2022By Physicians for a Healthy California CalMedForce
SACRAMENTO, Calif. – Physicians for a Healthy California (PHC) today announced more than $38 million in CalMedForce awards across the state to support medical training and residency programs and help grow the physician workforce.
The fifth round of CalMedForce funding, generated by the voter-approved Proposition 56 tobacco tax of 2016 and administered by PHC, supports 210 residency positions in 129 graduate medical education (GME) programs at hospitals and clinics, with an emphasis on those serving medically underserved groups and communities. This cycle marks the largest applicant pool to date, with 138 applications requesting over $108.8 million in funding to support 609 resident positions.
The California Future Health Workforce Commission estimated that California will need 4,700 additional primary care clinicians by 2025 and approximately 4,100 more by 2030 to meet demand. PHC, in partnership with the University of California (UC), established the CalMedForce grant program to help address California’s physician shortage by supporting the residency programs where medical school graduates must continue training to obtain a medical license and care for patients independently.
"Our largest application pool yet reflects the critical need for graduate medical education funding in California to close our physician shortage gap," said PHC President and CEO Lupe Alonzo-Diaz, MPA. "CalMedForce funds help keep residency programs alive, growing and strengthening their commitment to learning and equity."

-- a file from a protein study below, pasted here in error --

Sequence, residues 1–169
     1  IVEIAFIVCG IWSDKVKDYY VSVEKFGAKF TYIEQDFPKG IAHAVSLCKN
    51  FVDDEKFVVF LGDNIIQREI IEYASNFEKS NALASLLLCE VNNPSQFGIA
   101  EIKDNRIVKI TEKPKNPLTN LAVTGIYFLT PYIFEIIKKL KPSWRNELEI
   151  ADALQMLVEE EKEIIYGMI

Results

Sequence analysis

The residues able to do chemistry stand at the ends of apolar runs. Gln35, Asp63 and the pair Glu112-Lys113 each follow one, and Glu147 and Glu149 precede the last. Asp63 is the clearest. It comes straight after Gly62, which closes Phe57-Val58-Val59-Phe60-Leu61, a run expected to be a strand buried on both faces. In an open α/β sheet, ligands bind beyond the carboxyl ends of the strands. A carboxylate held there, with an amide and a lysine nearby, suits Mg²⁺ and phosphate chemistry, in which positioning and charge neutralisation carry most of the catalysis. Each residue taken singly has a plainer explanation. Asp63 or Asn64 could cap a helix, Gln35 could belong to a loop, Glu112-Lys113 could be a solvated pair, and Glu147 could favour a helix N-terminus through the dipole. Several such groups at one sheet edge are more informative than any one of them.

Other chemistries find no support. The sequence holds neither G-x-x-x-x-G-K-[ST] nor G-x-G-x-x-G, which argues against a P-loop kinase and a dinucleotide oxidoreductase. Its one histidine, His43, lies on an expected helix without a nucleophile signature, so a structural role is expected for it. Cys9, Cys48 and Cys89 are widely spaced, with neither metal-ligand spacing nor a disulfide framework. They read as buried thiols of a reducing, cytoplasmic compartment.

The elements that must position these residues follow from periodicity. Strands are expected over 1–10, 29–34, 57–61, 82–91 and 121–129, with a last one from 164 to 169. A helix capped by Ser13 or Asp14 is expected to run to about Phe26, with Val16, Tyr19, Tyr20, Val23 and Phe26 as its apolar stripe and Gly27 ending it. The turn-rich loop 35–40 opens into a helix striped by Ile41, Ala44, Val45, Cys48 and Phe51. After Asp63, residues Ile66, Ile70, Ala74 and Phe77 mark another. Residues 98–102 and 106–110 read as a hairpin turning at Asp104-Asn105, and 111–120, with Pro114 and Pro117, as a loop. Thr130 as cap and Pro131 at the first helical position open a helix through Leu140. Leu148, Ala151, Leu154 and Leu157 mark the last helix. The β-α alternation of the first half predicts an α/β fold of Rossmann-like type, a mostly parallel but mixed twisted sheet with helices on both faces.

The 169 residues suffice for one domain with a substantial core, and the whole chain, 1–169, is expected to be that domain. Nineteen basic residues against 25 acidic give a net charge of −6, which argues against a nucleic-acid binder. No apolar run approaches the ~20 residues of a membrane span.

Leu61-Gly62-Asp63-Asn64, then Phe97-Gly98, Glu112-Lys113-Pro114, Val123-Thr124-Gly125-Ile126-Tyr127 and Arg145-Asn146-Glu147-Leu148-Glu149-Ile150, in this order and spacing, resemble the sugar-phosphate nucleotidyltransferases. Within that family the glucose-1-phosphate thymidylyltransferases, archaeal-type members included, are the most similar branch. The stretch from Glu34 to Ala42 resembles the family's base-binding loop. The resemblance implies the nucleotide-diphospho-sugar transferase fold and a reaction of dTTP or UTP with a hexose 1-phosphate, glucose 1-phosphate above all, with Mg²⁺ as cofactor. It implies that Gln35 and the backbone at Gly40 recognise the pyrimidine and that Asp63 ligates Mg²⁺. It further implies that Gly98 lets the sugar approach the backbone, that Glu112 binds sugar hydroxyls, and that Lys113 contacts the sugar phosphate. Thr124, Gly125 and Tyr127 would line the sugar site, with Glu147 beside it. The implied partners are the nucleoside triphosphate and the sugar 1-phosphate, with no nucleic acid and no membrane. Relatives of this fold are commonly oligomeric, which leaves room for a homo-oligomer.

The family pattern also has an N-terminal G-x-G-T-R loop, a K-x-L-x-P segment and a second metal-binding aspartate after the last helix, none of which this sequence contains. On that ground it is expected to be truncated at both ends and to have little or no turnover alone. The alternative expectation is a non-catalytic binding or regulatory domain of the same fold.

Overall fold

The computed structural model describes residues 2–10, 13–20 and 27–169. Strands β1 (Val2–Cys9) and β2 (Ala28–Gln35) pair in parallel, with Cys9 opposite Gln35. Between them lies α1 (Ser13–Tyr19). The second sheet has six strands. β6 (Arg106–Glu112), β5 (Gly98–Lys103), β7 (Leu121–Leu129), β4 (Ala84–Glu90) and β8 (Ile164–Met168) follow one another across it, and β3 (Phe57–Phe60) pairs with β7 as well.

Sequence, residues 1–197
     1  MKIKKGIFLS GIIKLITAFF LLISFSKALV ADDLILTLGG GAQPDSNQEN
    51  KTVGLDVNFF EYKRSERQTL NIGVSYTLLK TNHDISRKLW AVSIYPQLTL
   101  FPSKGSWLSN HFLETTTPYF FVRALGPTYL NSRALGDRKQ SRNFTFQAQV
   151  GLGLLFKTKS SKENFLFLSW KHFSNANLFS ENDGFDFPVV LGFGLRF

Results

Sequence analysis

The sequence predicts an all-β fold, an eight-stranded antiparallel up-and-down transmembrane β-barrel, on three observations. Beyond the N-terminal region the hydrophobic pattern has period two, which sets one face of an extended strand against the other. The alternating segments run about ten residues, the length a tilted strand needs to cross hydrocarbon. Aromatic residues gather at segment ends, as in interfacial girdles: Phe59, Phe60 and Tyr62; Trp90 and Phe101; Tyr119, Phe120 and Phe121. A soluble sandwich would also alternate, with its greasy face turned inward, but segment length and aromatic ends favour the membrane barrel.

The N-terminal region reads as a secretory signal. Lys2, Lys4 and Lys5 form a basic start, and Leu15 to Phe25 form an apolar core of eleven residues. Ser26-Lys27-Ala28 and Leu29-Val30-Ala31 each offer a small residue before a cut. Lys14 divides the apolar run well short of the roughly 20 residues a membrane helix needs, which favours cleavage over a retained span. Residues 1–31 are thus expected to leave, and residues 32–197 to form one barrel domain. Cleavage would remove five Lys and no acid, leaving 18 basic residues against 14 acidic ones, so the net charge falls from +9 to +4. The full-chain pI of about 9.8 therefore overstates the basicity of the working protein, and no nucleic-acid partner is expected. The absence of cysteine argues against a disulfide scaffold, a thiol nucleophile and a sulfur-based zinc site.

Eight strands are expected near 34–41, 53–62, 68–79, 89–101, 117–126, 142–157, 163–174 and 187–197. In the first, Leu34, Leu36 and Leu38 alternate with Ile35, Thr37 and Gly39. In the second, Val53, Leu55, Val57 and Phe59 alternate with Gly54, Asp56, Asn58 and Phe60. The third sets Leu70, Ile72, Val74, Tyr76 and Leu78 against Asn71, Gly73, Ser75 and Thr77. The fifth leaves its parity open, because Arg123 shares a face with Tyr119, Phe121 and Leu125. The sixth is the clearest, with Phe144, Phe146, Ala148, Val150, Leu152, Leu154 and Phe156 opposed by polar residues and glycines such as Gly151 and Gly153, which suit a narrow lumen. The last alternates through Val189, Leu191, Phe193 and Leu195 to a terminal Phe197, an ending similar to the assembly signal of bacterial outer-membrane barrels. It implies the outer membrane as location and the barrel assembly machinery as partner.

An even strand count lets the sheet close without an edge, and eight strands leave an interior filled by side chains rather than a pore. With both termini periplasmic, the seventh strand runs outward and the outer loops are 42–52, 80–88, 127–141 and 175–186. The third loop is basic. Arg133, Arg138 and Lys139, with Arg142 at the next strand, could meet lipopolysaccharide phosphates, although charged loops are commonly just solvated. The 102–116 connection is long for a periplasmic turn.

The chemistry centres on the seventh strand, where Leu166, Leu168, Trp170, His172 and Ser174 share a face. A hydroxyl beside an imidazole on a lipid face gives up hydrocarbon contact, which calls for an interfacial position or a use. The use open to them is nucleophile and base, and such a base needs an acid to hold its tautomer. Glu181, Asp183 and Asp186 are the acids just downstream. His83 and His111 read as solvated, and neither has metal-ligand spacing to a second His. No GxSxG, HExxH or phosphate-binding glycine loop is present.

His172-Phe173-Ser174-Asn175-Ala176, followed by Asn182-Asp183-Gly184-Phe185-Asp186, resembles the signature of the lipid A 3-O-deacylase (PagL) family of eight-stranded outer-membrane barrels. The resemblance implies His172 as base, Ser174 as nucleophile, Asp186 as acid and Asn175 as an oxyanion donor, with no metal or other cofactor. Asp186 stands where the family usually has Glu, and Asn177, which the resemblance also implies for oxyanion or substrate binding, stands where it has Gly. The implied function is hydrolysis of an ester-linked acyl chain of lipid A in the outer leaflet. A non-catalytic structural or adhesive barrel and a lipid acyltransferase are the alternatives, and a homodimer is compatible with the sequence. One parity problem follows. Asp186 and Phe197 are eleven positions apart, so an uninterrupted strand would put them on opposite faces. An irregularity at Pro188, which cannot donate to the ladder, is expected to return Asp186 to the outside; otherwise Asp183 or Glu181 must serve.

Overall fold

UC is the designated recipient of Proposition 56 funding and has contracted with PHC to administer CalMedForce. All accredited residency programs in the state that meet guidelines are eligible to apply for funding. Of this year’s CalMedForce awardees, approximately 18 of the GME programs are sponsored by UC.
To date, CalMedForce has allocated over $189 million for 500 awards to 143 GME programs across California to retain and expand GME programs in primary care (family medicine, internal medicine, pediatrics, and obstetrics and gynecology) and emergency medicine.
“The increasing demand for funding reflects the importance of this program in supporting the health workforce of California and improving the access to high quality care, particularly to our medically underserved groups and communities.” said Deena McRae, MD, Interim Associate Vice President for Academic Health Sciences in the University of California, Office of the President. “Funding of these residency programs helps the state make critical steps towards achieving health equity.”
“This year’s funding is another crucial step towards combating the ongoing shortage of California residency programs that poses an ongoing challenge for expanding the physician workforce, and improving and ensuring access to care in California,” said Alonzo-Diaz.
For more information, visit CalMedForce.org. (@PHCdocs / #CalMedForce)